• Supporting the community in performances and visual arts adds cost to the supply budgets through uniforms, microphones, large scale paints, display boards and more.
  • Instrument repair and replacement is a yearly expense to be considered.

Central Support

Financial

  • All schools have access to partnerships for performances, teaching artists, and classroom support from:
    • Washington Performing Arts
    • The Kennedy Center
    • Pulitzer Center
  • Teacher Arts Fellowship: Cultivating Compassionate Classrooms on trauma sensitive teaching in the arts. Teachers engage in 10 full day sessions and mentorship for the calendar year, January- December.
  • Instrument repairing service and piano tuning service
  • Cornerstone supplies and culminating events for performance and exhibit of artwork provided.
  • Digital arts platforms including:
    • Adobe Creative Suite
    • Smartmusic
    • Soundtrap

Non-Financial

  • Four professional learning days per year
  • LEAP and RISE modules for self-paced professional learning
  • Teacher coaching and leadership opportunities
  • Teacher fellowships in partnership with outside organizations
  • District-wide events
  • Arts curricula and resources
  • New teacher support group
  • Local arts education partnerships providing teacher workshops and classroom support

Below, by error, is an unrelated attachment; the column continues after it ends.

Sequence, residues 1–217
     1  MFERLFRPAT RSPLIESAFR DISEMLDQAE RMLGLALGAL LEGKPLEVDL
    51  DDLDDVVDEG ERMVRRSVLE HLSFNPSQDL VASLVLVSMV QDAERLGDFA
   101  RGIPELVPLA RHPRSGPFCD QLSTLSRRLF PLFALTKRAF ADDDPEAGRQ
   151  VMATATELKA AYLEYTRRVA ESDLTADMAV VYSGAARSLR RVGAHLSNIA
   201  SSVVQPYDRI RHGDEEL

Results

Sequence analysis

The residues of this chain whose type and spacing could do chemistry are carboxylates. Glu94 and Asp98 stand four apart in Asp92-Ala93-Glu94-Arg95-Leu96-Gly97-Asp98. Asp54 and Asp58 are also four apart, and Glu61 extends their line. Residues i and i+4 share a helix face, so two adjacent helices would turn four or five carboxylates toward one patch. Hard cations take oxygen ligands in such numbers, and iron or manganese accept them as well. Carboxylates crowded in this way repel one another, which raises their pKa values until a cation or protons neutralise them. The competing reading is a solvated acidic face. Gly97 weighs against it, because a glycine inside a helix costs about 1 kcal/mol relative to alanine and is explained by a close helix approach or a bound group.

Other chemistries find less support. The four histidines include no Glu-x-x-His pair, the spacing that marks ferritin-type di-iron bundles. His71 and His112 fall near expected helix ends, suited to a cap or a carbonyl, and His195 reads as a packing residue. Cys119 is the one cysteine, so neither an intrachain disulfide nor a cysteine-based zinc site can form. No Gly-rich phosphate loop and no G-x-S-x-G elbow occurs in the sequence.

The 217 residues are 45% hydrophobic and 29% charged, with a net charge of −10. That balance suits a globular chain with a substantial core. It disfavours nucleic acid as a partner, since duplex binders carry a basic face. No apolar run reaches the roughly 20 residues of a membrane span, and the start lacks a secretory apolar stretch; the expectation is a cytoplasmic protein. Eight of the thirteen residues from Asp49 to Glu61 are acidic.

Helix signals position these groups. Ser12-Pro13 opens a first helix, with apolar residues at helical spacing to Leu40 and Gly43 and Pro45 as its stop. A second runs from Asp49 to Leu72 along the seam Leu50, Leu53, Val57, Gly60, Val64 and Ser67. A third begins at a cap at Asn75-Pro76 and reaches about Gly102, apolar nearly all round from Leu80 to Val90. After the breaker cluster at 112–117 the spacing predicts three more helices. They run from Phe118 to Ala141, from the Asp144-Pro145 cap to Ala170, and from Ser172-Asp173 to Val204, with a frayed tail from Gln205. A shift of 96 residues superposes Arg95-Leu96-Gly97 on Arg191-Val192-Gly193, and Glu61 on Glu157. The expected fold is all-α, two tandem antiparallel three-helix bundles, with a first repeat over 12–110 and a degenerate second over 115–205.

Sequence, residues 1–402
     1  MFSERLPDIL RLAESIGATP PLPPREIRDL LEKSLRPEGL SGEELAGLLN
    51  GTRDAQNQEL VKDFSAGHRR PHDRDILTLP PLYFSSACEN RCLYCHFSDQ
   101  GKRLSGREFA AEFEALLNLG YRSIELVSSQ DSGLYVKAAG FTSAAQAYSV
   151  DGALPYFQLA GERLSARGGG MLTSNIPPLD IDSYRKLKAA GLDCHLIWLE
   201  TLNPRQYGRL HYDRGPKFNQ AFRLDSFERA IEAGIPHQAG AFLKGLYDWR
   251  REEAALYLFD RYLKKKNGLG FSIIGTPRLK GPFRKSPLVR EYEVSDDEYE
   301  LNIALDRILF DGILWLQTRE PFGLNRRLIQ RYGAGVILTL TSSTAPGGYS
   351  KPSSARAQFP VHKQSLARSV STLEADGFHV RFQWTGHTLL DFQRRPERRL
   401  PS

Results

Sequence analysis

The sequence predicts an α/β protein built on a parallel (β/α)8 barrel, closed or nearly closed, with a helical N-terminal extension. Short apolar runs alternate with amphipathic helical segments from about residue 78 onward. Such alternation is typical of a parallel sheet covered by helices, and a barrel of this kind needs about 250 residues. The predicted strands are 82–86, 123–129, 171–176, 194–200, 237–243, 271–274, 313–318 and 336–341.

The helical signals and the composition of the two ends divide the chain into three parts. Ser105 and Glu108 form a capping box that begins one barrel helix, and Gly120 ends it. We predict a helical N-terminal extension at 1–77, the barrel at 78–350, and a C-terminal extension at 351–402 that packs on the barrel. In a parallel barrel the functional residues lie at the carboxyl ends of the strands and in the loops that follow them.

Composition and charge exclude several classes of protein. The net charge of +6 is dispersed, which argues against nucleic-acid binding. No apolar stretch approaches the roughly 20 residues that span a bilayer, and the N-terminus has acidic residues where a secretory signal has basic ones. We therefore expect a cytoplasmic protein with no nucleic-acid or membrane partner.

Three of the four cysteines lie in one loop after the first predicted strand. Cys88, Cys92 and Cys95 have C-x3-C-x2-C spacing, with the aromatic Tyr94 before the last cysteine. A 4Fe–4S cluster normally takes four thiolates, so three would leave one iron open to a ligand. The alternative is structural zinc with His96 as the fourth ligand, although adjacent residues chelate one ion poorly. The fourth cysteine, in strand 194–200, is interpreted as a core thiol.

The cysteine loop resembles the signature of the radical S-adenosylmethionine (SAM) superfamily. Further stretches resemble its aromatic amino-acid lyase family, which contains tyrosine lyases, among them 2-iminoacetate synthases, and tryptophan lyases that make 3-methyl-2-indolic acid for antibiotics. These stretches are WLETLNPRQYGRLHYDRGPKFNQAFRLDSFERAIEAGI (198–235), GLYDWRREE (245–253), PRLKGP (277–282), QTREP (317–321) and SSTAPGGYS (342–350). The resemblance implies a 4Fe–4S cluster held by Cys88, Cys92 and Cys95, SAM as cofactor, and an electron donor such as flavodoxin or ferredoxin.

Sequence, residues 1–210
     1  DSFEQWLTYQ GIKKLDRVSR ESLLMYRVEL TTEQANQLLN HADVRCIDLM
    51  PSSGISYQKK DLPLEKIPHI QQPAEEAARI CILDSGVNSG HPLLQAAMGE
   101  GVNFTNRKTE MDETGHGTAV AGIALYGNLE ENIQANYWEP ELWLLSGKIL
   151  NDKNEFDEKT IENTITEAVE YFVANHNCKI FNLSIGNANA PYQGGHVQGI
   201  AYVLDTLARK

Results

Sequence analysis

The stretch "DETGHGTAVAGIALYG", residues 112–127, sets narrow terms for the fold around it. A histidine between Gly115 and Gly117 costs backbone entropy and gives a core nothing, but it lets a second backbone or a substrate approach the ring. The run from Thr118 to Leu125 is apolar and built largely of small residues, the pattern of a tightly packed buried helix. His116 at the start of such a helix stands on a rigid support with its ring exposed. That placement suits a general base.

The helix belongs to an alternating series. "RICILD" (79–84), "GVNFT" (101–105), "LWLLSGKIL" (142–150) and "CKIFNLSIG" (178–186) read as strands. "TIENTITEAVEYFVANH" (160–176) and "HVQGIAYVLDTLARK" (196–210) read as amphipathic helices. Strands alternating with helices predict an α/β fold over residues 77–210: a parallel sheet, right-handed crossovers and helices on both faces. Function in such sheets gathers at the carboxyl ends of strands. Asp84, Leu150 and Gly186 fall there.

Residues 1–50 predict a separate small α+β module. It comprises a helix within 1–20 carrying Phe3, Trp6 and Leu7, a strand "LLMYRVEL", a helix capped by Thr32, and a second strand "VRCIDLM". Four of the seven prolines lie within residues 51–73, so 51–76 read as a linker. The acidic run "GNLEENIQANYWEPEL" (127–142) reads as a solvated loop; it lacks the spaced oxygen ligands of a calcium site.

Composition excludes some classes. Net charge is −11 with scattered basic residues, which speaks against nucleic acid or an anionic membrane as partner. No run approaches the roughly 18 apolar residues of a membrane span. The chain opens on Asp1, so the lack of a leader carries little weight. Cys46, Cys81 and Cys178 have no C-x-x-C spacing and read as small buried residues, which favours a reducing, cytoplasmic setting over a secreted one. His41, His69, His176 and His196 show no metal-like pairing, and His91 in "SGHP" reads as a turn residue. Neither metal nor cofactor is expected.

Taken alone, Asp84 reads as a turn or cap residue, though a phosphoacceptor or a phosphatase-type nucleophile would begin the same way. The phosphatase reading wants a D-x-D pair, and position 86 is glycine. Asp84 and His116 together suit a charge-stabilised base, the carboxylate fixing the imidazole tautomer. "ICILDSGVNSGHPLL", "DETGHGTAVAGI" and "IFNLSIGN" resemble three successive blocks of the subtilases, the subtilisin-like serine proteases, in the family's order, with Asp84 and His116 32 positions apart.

• Curriculum writing institutes

Points of Contact

Helpful Resources

World Language

Program Purpose

DCPS believes that acquisition of multiple languages is an imperative skill for globally competent students, critical to students’ future interactions in college, career, and community. In addition to developing cultural competency, research suggests that language learning correlates with higher academic achievement on standardized test measures (ACTFL). Investment in strong language learning pathways from elementary through high school ensures that students are college and career-ready, and able to communicate and collaborate with culturally diverse audiences, to think globally, and to become active global citizens.

Program Guidance

Requirements by School Type

  • Elementary School (optional):
    • World Languages is optional for elementary schools. If offering World Languages, a minimum of 45 minutes each week is recommended. Flexible Acceleration Minutes can be used for a variety of purposes, such as specialized programming for Inner Core subjects including World Languages.
  • Middle School (required):
    • Required: Students must have the opportunity to study a World language in Middle School.
    • Recommended: Students in 7th and 8th grade take 60 hours of instruction in a yearlong format for a total of 120 hours across 7th and 8th grade, which is approximately 45 minutes every other day for an A day/B Day schedule. If students pass both 7th and 8th grade courses with seat hours that are equal to or exceed 120, students may earn 1.0 credit toward the World Language graduation requirement.